Actress Emilia Clarke, who famously played the role of Daenerys Targaryen, Mother of Dragons, in the TV show Game of Thrones had two major brain haemorrhages (both worse attacks than mine)in her twenties, the first when she was just 24, in between filming series 1 and 2 of that show. She has set up a charity, SameYou, that aims to provide treatment for people recovering from brain injuries such as stroke.

In hospital I start to worry that I haven’t appreciated life’s simple pleasures enough. Most mornings when we were on holiday I went outside before breakfast, looked out over the valley, did some Qigong, and felt the warmth of the sun on my face and body. But had I really appreciated that feeling? I want to stretch and feel the warmth of the sun on my face and body again. Given my arm, will I ever be able to do that again? Rebecca reassures me that I will. The next day the sun is shining and she wants to take me out into the hospital garden just beyond my window. I haven’t even thought of the possibility of me going outside — it feels like another world, separate from the detached bubble of my safe ward. The nurses tell us not to go out: I’m waiting for a echocardiogram test (an ultrasound scan) on my heart, it’s not at an allocated time, and they don’t want me to miss it, it’s too important.

The following day it’s grey (it’s been drizzling), and Rebecca helps me to go outside. I walk maybe 50 metres and sit on a bench for a few minutes. It feels amazing.

The following day, after my echocardiogram, the sun is out. I’ve more confidence in my walking, so I get dressed and go outside by myself, back to the same bench. I’ve also got more strength in my left shoulder and manage a stretch. It’s a wonderful feeling. I send Rebecca a photo:

I was fortunate to be out of hospital in just under a week, and I hope to have decades of healthy life still ahead of me. The key thing for me now is to do my rehab exercises and to help my brain to recover. I can already see some early positive signs, I need to keep working so that these continue and fully bloom. Like the Lion in the Wizard of Oz, I feel like I need to ask for courage.

I’ve had an “early supported discharge” from the hospital, and I’m under the care of the neuro-rehab tam, who provide ongoing support and therapy. It’s obviously been a massive shock, and I have a lot to process (I’m still having plenty of tests to try and establish why my two attacks happened, although my consultant reassured me that he didn’t think it was the result of anything I had done). However, I saw first-hand in hospital that many people have far worse strokes than I did.

In terms of the common effects of stroke, I’m lucky: my speech is good, my walking is good, I have not experienced any communication problems (although when I’m tired — such as at the end of the day, or even after a long conversation — I sometimes articulate my words a little less clearly), I don’t have any continence problems, my cognitive abilities remain good, I’ve not had any memory loss, I don’t have any vision problems (although I feel I am slightly more sensitive to bright light), I’m not in any pain. So there’s lots I am grateful for. The key impacts for me are that I have a severely weakened left arm, and hand in particular, and I get tired quickly (fatigue is one of the most common effects of stroke). Everyone tells me that in terms of recovering from a stroke it is very early days. No one has said when it will stop being “early days”…

Thankfully, every day — with amazing support from my wonderful family — I regain some mobility and strength in my left arm and hand. I also get a bit more energy every day.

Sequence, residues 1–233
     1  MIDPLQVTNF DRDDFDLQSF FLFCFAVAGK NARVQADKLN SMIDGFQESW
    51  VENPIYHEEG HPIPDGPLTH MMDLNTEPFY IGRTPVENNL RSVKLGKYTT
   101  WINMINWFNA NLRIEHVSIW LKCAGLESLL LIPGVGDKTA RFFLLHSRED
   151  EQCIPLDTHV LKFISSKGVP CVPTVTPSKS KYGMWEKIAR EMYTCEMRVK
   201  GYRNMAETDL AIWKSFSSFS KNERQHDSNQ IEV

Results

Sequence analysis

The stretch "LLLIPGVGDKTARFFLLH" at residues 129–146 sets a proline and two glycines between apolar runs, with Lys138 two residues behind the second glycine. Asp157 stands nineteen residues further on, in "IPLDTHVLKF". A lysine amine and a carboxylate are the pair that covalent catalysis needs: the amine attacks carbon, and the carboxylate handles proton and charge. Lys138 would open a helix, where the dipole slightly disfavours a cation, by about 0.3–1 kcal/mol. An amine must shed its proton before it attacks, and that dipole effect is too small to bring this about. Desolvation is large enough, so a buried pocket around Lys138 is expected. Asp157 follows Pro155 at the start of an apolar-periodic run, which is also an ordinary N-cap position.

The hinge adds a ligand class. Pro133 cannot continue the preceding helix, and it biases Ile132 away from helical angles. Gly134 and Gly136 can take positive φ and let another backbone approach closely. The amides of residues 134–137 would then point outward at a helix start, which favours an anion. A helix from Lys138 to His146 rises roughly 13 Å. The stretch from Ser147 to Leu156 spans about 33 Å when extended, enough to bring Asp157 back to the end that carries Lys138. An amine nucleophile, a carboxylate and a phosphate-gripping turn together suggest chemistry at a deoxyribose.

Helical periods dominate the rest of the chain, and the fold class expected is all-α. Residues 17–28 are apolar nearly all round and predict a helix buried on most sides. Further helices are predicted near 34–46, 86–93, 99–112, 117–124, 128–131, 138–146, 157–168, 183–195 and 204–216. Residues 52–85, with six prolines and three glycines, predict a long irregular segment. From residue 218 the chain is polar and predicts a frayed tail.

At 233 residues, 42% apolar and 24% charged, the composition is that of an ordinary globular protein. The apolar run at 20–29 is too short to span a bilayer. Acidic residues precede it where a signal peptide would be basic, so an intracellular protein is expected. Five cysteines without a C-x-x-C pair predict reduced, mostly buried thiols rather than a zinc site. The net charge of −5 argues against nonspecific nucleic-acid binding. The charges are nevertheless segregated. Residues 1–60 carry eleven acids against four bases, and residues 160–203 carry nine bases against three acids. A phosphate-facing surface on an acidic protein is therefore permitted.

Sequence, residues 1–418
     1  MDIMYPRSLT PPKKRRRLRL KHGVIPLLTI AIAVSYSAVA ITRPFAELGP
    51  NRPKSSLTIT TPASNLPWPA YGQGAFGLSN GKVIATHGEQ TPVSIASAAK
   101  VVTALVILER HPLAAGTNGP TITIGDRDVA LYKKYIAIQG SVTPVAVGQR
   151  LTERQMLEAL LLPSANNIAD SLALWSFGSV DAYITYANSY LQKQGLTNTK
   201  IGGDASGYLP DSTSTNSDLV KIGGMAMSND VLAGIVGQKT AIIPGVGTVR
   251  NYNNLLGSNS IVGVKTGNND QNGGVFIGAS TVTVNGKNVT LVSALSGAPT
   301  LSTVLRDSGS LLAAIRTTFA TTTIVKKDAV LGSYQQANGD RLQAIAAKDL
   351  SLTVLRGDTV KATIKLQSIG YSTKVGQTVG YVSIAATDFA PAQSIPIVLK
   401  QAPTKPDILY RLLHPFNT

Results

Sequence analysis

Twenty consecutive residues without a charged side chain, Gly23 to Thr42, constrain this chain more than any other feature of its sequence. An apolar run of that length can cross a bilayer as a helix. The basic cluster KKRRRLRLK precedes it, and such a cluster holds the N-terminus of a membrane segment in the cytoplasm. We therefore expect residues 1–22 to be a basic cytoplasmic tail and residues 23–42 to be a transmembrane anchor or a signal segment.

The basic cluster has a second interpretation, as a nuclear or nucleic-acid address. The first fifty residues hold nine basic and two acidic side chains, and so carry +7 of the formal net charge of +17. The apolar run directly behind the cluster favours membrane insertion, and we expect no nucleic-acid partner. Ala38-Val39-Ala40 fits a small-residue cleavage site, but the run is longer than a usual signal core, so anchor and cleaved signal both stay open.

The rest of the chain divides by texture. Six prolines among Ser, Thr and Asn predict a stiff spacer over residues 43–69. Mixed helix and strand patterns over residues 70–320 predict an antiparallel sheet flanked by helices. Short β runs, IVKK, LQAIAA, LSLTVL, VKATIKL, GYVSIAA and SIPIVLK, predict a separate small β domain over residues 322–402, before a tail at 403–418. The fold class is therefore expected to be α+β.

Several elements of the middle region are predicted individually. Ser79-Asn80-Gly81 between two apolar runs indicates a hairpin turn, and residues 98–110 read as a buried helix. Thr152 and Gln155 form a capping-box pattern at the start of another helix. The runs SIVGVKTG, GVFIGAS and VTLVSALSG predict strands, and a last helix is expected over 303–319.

The damaged area of my brain is in the right centrum semiovale, extending into the right putamen and the caudate tail. The main function of the putamen is to regulate movements and the caudate nucleus controls voluntary skeletal movement.

The brain’s ability to heal itself, to ‘rewire’ itself is extraordinary. As psychiatrist and psychoanalyst Norman Doidge pus it in his book The Brain that Changes Itself:

“In all of medicine, few conditions are as terrifying as a stroke, when a part of our brain dies. But even in this state, as long as there is adjacent living tissue [which is fortunately the case for me], because that tissue is plastic, there is hope that it might take over.”

Neuroplasticity, or brain plasticity, is your brain’s ability to reorganize itself, which it does by creating new neural pathways. Doidge, quoting neuroscientist Paul Bach-y- Rita, explains:

“‘If you are driving from here to Milwaukee, and the main bridge goes out, first you are paralysed. Then you take old secondary roads through the farmland. Then, as you use these roads more, you find shorter paths to use to get where you want to go, and you start to get there faster.’ These ‘secondary’ neural pathways are ‘unmasked’ or exposed, and, with use, strengthened. This ‘unmasking’ is generally thought to be one of the main ways the plastic brain reorganises itself.”

So, my stroke blew up the fast, efficient motorway-style connections in my brain that enabled my brain to control and move my left arm, and now the brain is busy looking for and indeed creating entirely new, alternative pathways that go around the damaged area, re-purposing adjacent brain cells. At first, these new connections are weak and slow, but over time and the more I use them, they will get stronger and faster.

One of the pieces of advice that I’ve found particularly helpful I was given by one of Rebecca’s friends who had a stroke a couple of years ago. She advised me to pause between activities, where an ‘activity’ can be something as simple as standing up.

20 years ago my brother and I climbed Kilimanjaro together. He recently reminded me of another piece of advice, which we were given by the guides we had. They kept telling us to go “pole, pole” (slowly, slowly). We had to go really slowly, taking very small steps:

But we did that and we got to the top of the mountain.
It’s time for me to climb another mountain.

Since I wrote the above post, I’ve also written about my journey climbing the mountain recovering from stroke, and about my physical rehab, which has helped me to rediscover my arm and hand.

Senior Director @ElsevierConnect doing product strategy implementation & performance. Mainly writing about getting from A to B, & digital stuff. Personal acc’t.